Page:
case. While McClary attempts to draw legal significance from the two times he

performed with The Commodores in 2010, there was no evidence offered to

support the contention that he was being invited to rejoin the group as a permanent

or otherwise ongoing member; instead he performed “with The Commodores.”

Indeed, the evidence showed that on two occasions McClary performed as a fill-in

guitarist when the group’s regular guitar player was out. Likewise, while the

listening sessions McClary hosted were undertaken with some hope of a possible

reunion or collaboration, no such reincorporation of McClary into the band

occurred, and no reasonable juror could conclude otherwise. Even if the evidence

could support a finding that McClary rejoined the group -- and in no way does it

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afford that inference -- it could not support the conclusion that McClary should be

able to use the group’s name while performing separately from the group.

ii.

As the district court did, we find that the alternative framework of Crystal

Entm’t & Filmworks, Inc. v. Jurado, 643 F.3d 1313 (11th Cir. 2011), is not the

framework applicable here but nonetheless would yield a similar result. There, a

panel of this Court addressed how to determine the ownership of trademark rights

where there was no clear prior appropriation by either of the two parties to the

case. Id. at 1322. The district court had determined, and this Court upheld its

finding, that an entertainment company had not proven its predecessor in interest

had established common-law trademark rights to the name of a musical group as

originally constituted. Id. at 1321. Instead, the courts were tasked with

determining the proper rights-holders as between the assignee of the original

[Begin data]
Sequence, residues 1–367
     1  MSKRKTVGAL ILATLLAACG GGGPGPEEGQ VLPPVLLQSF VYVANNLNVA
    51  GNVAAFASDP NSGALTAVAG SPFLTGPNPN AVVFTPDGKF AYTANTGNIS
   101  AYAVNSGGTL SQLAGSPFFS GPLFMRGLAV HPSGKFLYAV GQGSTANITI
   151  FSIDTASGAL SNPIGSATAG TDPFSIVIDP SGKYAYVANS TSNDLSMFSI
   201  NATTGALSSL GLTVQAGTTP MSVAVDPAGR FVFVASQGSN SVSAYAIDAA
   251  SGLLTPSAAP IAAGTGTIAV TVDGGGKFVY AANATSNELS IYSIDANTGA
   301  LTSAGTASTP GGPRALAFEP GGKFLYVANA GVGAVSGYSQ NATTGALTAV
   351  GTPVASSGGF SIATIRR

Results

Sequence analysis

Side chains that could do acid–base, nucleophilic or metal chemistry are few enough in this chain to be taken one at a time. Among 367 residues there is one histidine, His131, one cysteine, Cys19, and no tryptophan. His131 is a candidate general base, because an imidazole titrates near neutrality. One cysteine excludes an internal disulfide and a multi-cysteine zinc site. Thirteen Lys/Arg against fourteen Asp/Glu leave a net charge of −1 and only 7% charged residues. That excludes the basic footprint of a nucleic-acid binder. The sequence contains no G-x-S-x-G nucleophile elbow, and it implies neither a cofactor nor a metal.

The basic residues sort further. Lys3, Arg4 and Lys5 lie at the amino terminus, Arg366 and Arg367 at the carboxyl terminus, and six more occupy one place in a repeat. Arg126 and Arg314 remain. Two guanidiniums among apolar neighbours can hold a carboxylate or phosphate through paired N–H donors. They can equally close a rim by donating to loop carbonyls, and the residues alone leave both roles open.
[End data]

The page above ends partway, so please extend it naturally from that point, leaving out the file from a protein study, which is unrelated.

management company and the three performers who replaced the original

members of the group. Id. We followed the district court in adopting a test drawn

from Bell v. Streetwise Records, Ltd., 640 F. Supp. 575 (D. Mass. 1986), whereby

a court seeking to allocate rights between claimants who could not prove original

appropriation of the trademark rights would look to see, first, the “quality or

characteristic for which the group is known by the public” and, second, “who

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controls that quality or characteristic.” Jurado, 643 F.3d at 1322 (quoting Bell, 640

F. Supp. at 581).

We also agree that Jurado is not the case currently before us. Here, the

parties do not dispute that the common-law trademark in “The Commodores” was

originally appropriated by the group. However, we agree that even the Jurado

framework does not alter the analysis. As for Jurado’s first prong, The

Commodores are distinguished by their music, including their recordings and

performances. Under the second prong, as discussed above, no reasonable juror

could find that McClary was the party who currently controls the music of The

Commodores; instead, the original members continuing with the group have

continuously exerted control over its music and performances. The unrefuted

evidence can support only a finding that the original and ongoing group, including

King and Orange, has exerted complete control over the current iteration of “The

Commodores,” to the exclusion of others, in particular McClary.

iii.

The other alleged complications McClary asserts do not support a finding

that he is the rightful owner of the marks. McClary claims that the district court’s

order granting judgment as a matter of law must be overturned for various reasons.

These include assertions that McClary did not withdraw from The Commodores

partnership, that he did not abandon his rights to the marks, that he retained rights

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because he continued to receive royalties during the period after he left the group,

and that CEC never acquired rights in the marks. No reasonable juror could

conclude that McClary retained any rights in the marks from any of this.

To buoy his claims to a continuing interest in the marks, McClary says that

he never officially withdrew from the partnership, that he did not follow the

procedural requirements to officially withdraw pursuant to the General Partnership

Agreement and the amendment in toto, and that the letter in which he allegedly